June 22, 2021

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Panel Patter...Reborn!: Catch It at the Comic Shop June 23rd, 2021

Welcome to Catch it at the Comic Shop, where the Panel Patter team looks at what's coming out at your favorite store or digital device this week. Each one of us that participates picks up to five items due out this week, with a little bit about why we like them. (NOTE: We use solicitation material for this, so if we miss creators, please talk to your publisher!) Sometimes we might only have a few items to share, other weeks, keeping it to five will make for hard choices. Here's what the team wanted to highlight this week...

James' Picks:

Black Hammer Reborn #1 by Jeff Lemire, Caitlin Yarsky, Dave Stewart, and Nate Piekos, published by Dark Horse

 I have loved pretty much everything in the Black Hammer universe. Jeff Lemire and a group of talented artists and writers have built a rich, weird, shared superhero universe that doesn't feel like a typical superhero universe. I think because this isn't just an attempt to tell lots of ongoing stories about a bunch of different characters. This is much more of an attempt to provide a glimpse into a universe, and provide snapshots of different corners of that universe. But the core story in that universe is a weird, creepy, horror-type tale, and that creepiness and unease pervades the entire universe. Anyway, all of this is to say that I love the Black Hammer universe, and I love the idea of the character who was the daughter of the original Black Hammer becoming a superhero, and hearing the stories of how that didn't exactly go like she'd hoped. So I'm thrilled to pick this up, since I love Jeff Lemire's storytelling in this world. I'm also thrilled to pick it up because it's the first appearance of Caitlin Yarsky, whose work I've enjoyed in Bliss and other works. I'm excited to see what she brings to the world of Black Hammer.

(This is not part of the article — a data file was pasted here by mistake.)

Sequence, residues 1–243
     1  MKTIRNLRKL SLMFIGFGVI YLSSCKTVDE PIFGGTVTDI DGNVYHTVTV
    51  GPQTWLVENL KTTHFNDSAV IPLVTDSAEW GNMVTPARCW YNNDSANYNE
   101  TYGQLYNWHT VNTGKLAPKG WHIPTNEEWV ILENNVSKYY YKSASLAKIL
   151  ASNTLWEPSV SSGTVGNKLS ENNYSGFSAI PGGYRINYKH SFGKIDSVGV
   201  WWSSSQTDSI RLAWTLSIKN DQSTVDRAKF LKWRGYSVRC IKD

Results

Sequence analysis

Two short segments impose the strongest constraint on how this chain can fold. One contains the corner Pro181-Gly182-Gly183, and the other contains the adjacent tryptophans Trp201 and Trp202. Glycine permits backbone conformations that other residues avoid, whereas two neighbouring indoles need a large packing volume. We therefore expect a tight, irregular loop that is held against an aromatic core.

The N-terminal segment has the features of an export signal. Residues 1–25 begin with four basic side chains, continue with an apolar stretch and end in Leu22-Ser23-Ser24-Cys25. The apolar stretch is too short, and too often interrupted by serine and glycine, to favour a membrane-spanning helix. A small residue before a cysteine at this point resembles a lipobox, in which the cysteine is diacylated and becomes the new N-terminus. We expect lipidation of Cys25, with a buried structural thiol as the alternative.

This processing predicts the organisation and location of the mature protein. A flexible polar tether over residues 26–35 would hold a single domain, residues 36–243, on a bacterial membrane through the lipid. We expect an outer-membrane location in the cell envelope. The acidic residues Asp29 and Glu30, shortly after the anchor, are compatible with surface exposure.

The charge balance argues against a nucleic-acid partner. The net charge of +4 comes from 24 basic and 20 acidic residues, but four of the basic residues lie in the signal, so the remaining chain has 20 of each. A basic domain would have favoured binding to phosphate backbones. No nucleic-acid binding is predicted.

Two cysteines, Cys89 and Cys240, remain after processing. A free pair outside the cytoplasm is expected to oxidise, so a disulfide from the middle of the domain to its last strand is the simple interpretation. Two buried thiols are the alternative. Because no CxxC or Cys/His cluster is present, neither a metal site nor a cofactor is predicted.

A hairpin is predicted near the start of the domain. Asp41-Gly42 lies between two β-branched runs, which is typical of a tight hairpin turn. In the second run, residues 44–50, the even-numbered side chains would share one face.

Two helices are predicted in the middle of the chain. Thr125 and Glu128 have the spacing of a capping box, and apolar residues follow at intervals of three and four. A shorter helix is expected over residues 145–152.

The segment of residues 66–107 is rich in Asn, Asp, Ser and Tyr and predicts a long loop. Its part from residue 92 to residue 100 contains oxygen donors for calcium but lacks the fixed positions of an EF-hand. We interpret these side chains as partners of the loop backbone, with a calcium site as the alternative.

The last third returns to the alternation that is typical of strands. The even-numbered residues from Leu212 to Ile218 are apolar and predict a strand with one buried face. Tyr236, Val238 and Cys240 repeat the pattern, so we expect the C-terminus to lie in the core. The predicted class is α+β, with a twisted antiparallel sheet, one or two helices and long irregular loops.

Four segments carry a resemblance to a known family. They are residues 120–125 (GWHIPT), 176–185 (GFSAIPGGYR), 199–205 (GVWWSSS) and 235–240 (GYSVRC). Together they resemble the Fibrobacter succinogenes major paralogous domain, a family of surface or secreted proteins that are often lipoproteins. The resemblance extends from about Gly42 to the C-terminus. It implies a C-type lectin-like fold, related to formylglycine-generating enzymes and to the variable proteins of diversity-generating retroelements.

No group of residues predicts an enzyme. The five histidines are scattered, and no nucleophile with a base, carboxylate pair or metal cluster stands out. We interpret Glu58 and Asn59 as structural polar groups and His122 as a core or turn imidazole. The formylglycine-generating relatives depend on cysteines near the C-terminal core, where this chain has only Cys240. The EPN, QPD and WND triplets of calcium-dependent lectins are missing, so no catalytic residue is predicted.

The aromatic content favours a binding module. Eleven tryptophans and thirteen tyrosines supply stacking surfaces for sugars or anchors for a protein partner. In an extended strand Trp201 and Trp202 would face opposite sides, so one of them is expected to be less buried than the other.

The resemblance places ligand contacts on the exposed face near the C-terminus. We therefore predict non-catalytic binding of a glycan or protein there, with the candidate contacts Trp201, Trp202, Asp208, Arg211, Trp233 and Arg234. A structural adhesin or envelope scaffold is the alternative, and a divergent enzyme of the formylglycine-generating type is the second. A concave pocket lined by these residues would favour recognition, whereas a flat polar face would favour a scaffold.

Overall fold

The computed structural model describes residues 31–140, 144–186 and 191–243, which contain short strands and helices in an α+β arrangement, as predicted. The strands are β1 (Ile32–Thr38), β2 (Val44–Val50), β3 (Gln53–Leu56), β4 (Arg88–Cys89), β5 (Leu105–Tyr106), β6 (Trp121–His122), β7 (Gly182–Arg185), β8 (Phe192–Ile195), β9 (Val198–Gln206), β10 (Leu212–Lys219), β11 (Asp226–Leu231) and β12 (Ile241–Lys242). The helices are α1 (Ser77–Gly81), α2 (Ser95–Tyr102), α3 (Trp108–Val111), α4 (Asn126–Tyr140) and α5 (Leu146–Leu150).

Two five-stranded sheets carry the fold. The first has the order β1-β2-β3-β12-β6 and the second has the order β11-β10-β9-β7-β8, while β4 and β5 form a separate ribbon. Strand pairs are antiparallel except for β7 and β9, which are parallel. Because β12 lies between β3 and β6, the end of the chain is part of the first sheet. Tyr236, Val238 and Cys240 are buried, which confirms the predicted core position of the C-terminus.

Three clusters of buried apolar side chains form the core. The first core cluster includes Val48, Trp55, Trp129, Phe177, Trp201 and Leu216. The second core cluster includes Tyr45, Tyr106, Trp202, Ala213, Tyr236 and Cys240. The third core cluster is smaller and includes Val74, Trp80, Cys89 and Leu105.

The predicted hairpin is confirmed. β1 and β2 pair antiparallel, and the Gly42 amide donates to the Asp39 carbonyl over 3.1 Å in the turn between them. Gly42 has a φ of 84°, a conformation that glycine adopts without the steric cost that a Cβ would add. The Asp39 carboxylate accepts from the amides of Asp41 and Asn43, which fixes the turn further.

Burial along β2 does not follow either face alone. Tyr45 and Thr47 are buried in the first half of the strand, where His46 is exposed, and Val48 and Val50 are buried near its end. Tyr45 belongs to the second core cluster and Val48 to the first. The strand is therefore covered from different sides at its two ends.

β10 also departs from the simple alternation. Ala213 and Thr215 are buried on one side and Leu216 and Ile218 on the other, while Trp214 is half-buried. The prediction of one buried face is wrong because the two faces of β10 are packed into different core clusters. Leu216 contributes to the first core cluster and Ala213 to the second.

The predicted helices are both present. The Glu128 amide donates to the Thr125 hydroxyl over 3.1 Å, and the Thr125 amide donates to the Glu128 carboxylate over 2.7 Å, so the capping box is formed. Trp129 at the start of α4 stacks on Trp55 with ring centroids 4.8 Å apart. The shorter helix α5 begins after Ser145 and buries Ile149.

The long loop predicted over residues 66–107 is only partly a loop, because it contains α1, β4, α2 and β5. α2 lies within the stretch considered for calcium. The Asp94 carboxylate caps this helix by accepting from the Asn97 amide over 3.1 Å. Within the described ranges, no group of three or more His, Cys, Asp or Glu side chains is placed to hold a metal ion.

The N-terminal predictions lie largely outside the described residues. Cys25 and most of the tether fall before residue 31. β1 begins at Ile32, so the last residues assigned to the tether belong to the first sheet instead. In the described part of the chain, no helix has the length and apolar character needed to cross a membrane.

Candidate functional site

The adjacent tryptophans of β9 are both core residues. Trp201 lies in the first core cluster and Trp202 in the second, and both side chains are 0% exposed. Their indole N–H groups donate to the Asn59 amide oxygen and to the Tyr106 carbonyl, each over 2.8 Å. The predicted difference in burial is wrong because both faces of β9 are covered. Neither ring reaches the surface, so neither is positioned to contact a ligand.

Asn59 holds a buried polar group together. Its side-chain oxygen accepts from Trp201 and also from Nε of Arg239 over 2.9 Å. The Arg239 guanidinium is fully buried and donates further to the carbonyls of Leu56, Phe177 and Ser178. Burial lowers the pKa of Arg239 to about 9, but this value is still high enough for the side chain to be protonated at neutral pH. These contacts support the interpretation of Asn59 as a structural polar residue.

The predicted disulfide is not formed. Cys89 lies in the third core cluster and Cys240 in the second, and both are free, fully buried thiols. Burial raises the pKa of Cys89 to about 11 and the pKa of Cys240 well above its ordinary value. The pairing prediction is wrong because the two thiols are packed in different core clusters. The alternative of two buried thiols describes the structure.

The Blue Flame #2 by Christopher Cantwell, Adam Gorham, Kurt Michael Russell, and Hassan Otsmane-Elhaou, published by Vault Comics

I absolutely LOVED the first issue of The Blue Flame. It felt like a really special comic; something big and ambitious. Christopher Cantwell is killing it in comics these days, as I loved his Doctor Doom book and I am loving his Iron Man book. I also really dug Everything, and I'm thrilled that he's going to be the showrunner on the new Paper Girls series. He does "big and ambitious and weird" really well, which feels like what The Blue Flame is going to be. The artistic team on the book is also SO good. Adam Gorham is doing career-defining work here (IMO), and his work is completely enriched by the colors from Kurt Michael Russell. Hassan Otsmane-Elhaou is bringing his his cosmic, pulpy best to the lettering of this book. It's a terrific team, on what feels like will be a special book. 

Fantastic Four Life Story #2 by Mark Russell and Sean Izaakse, published by Marvel Comics

So the premise with the "Life Story" comics is that they tell the story of Marvel Comics characters beginning with their origin in the 1960's, and continuing in real time. The first miniseries was Spider-Man: Life Story, and I loved it. It was an amazing book. And this one, telling the story of Marvel's First Family, is already off to a great start and feels like it's going to be a similarly big, emotional, exciting series. I really loved the first issue which did a nice job in updating the personalities of the characters so that they would make a little more sense. Russell is one of my favorite writers of dialogue (and generally). And the art from Sean Izaakse was terrific, so I'm expecting to enjoy this issue as well.

Neil's Pick:

Guardians of the Galaxy #15 by Al Ewing, Juan Frigeri, Federico Blee, Cory Petit Published by Marvel Comics